A Real Revolution

Unlike in the vertical bow world, crossbow change isn’t subtle. The power generated by the top-tier bows in our test is staggering. The runner-up in this year’s test, for example—the ­TenPoint Vapor RS47o ($2,900)—­generates 191 foot-pounds of kinetic energy from a 466-grain bolt moving at 430 fps. That’s the most powerful crossbow we’ve ever tested. (For perspective, the fastest compound this year produces about 85 foot-pounds of energy.)

“One side effect of compound bows being so efficient is that everyone has arrived at the same general design,” says Patrick ­Harrell of Stress Engineering. “But crossbows don’t have the same constraints. There are lots of ways to store energy with them that don’t work with a compound bow.”

Read Next: The Hottest New Compound Hunting Bows for 2020

This includes varied limb configurations (solid or split, forward or reverse draw), cam positions, power-stroke lengths, and more. Power aside, the notable trend for the top crossbows of 2020 was found in the cocking devices. Because high-­performance crossbows cannot be used without them, those cocking devices have to be pretty much fail-proof.

The Ravin, the TenPoint, and the third-place Excalibur Assassin 4ooTD ($1,900) all sport cocking devices that look and operate a whole lot like the original Ravin’s, but with some subtle differences. And that’s the way it’ll be until someone comes up with a better system. These three crossbows all wore premium scopes and accessories, and they had excellent triggers and flawless fit and finish. I shot sub-2-inch groups at 50 yards with each of them.

Of course, all of that comes at a price. Crossbow manufacturers have the option of competing with the high-end players or driving in a different lane, but they can’t do both.

HHA Tetra Max sights.
HHA Tetra Max sights. (Jeff Wilson/)

We tested two inexpensive (relatively speaking) crossbows this year that shot 400-plus fps, but they were a hassle to cock and generally not fun to shoot. The best of the mid-tier crossbows going right now are not trying to be a cheap Ravin. They have a quality build and modest speeds. The biggest overall trend could be that even though all crossbows are built and sold for the same purpose, distinct end-user categories are emerging: Some hunters are simply looking for a reliable crossbow to extend their season, while other, really serious crossbow hunters want the very best. But the lines between categories are still a little blurry.

“Comparing crossbows could become a little like comparing vehicles,” Harrell says. “It wouldn’t make much sense to compare an F250 to a Prius. But the question with crossbows is, what are the categories? Different manufacturers have different goals.”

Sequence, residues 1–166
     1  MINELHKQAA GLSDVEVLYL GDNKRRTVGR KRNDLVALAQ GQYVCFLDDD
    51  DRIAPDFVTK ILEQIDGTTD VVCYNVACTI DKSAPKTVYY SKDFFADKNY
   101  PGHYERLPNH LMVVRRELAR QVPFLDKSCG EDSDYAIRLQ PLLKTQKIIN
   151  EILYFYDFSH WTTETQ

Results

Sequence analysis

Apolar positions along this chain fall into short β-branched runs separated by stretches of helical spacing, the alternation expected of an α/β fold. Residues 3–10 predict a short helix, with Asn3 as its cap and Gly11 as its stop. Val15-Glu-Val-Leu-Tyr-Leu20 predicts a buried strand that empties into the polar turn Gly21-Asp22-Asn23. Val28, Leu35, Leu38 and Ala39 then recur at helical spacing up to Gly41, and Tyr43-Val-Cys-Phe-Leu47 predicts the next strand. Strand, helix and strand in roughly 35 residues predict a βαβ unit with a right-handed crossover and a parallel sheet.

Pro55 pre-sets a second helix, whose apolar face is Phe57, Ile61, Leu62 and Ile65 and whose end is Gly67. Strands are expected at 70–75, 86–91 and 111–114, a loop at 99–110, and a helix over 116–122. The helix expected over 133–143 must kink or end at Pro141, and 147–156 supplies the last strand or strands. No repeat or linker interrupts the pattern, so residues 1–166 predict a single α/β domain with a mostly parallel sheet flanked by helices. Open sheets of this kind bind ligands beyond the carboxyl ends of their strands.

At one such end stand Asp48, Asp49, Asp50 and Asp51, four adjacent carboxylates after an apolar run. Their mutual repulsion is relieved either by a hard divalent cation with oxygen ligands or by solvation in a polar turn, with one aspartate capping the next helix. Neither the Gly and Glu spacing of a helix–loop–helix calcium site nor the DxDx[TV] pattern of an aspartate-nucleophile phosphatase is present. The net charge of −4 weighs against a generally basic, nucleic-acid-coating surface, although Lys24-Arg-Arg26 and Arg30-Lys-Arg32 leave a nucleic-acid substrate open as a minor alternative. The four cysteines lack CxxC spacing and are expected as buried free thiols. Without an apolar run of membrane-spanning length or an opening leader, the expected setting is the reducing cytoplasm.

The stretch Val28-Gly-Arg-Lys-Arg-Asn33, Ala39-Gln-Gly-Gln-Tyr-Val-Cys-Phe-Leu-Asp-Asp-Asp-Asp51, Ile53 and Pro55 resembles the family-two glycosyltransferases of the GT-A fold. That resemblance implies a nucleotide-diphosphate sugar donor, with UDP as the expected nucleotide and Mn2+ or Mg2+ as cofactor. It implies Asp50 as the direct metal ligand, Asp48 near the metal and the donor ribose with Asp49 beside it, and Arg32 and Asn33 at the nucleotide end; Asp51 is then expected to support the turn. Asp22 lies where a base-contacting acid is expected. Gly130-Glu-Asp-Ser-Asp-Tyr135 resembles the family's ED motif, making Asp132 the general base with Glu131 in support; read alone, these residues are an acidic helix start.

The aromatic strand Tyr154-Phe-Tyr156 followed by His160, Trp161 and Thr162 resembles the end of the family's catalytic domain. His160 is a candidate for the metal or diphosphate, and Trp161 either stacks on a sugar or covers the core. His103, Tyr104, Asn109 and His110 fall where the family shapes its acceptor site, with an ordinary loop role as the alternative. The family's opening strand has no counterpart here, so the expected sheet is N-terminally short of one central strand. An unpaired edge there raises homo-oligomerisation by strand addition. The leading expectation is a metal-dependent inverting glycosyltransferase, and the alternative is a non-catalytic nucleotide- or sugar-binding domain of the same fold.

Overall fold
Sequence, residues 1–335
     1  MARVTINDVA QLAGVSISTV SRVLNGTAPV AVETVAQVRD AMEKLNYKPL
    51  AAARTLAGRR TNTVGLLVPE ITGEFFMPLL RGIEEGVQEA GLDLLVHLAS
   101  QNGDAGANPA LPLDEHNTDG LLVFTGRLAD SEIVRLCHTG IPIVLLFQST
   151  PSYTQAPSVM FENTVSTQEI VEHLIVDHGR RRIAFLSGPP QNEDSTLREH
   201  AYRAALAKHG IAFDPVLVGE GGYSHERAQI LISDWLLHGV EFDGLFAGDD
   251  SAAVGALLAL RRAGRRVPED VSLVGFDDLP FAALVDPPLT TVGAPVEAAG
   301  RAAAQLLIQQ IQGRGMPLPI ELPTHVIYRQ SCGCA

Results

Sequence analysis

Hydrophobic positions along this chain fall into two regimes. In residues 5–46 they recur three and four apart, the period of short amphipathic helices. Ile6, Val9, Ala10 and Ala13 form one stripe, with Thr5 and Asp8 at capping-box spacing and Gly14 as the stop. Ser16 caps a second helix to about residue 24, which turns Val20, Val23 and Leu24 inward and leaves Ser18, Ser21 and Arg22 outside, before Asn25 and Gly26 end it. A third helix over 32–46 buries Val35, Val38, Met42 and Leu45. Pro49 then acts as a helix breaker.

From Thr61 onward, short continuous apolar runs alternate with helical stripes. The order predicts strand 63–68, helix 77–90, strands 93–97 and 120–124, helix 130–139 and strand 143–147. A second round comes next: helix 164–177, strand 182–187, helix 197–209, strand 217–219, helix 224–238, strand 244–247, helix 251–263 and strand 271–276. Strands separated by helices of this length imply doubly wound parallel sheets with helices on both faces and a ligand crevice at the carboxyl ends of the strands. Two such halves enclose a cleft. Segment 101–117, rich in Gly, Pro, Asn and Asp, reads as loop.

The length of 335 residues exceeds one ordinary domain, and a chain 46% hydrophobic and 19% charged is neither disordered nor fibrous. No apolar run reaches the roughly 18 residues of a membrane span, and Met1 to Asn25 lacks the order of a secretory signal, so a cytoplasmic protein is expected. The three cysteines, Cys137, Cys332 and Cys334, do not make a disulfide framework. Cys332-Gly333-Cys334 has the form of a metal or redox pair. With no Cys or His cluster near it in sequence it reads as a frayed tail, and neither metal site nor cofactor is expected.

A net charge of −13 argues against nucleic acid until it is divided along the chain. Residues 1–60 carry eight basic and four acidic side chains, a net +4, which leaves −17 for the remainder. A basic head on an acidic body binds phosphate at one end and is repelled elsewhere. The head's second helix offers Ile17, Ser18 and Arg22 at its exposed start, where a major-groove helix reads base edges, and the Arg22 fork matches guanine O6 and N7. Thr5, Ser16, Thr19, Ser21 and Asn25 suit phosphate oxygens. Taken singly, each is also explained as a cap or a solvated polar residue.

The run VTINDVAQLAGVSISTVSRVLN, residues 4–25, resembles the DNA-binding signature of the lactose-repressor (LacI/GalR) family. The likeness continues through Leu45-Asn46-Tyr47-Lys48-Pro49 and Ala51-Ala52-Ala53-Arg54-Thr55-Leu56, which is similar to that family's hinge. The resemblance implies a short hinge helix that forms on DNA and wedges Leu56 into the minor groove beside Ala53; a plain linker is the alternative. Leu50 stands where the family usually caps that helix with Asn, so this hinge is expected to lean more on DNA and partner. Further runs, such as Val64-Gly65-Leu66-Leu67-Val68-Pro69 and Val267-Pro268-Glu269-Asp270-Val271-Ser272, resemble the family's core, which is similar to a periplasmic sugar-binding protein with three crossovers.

Rigging compounds for recording noise, speed, and vibration in the anechoic (echo-free) chamber at Stress.
Rigging compounds for recording noise, speed, and vibration in the anechoic (echo-free) chamber at Stress. (Jeff Wilson/)

Vertical bows are tested (and most are advertised) based on the IBO standard, with measurements taken at 30-inch draw lengths and 70-pound draw weights. For crossbows, there is no IBO standard. And so they’re unencumbered by limitations like wimpy human arms that must pull them back.

Because of that, my guess is we’ll see a 500 fps crossbow soon enough. When it arrives to market, it’ll be flashy and extraordinarily expensive. But just as that’s happening, I expect to see other crossbows that sacrifice some power in favor of quality—and they’ll be priced so the average hunter can actually afford one.

The Hoyt Axius ($1,099) in the hot seat.
The Hoyt Axius ($1,099) in the hot seat. (Jeff Wilson/)

How We Test

For objective testing, we partnered with Stress Engineering Services in Mason, Ohio, for the fourth year in a row. Testing at their lab includes precise noise, speed, vibration, and efficiency measurements on bows set to IBO specs (70 pounds and 30 inches using 350-grain bare-shaft arrows).

Subjective range testing was done in Kentucky with identical bows, but set to 28 inches and 60 pounds for the categories of accuracy and forgiveness, fit and finish, handling and balance, and value. These were fitted with HHA Tetra Max sights and Virtus drop-away rests, using 28.5-inch, 350-spine Carbon Express Maxima Hunter arrows and Rinehart XL targets. We shot thousands of arrows, measured hundreds of arrow groups, and recorded pages of notes.

Recording draw-force curves to determine efficiency.
Recording draw-force curves to determine efficiency. (Natalie Krebs/)

Crossbows were evaluated on accuracy, speed, kinetic energy, safety, cocking effort, trigger quality, handling and balance, fit and finish, and value. Accuracy testing was done at 50 yards from a Lead Sled and D.O.A. shooting table. All members of the test panel are dedicated bowhunters, with years of experience helping with this test. They included myself as captain of both tests, senior deputy editor Natalie Krebs, and former pro-shop owner and archery tech Danny Hinton. Zach Bell, who works with Hinton and has helped us for years behind the scenes, shot groups for the subjective portion of the compound test.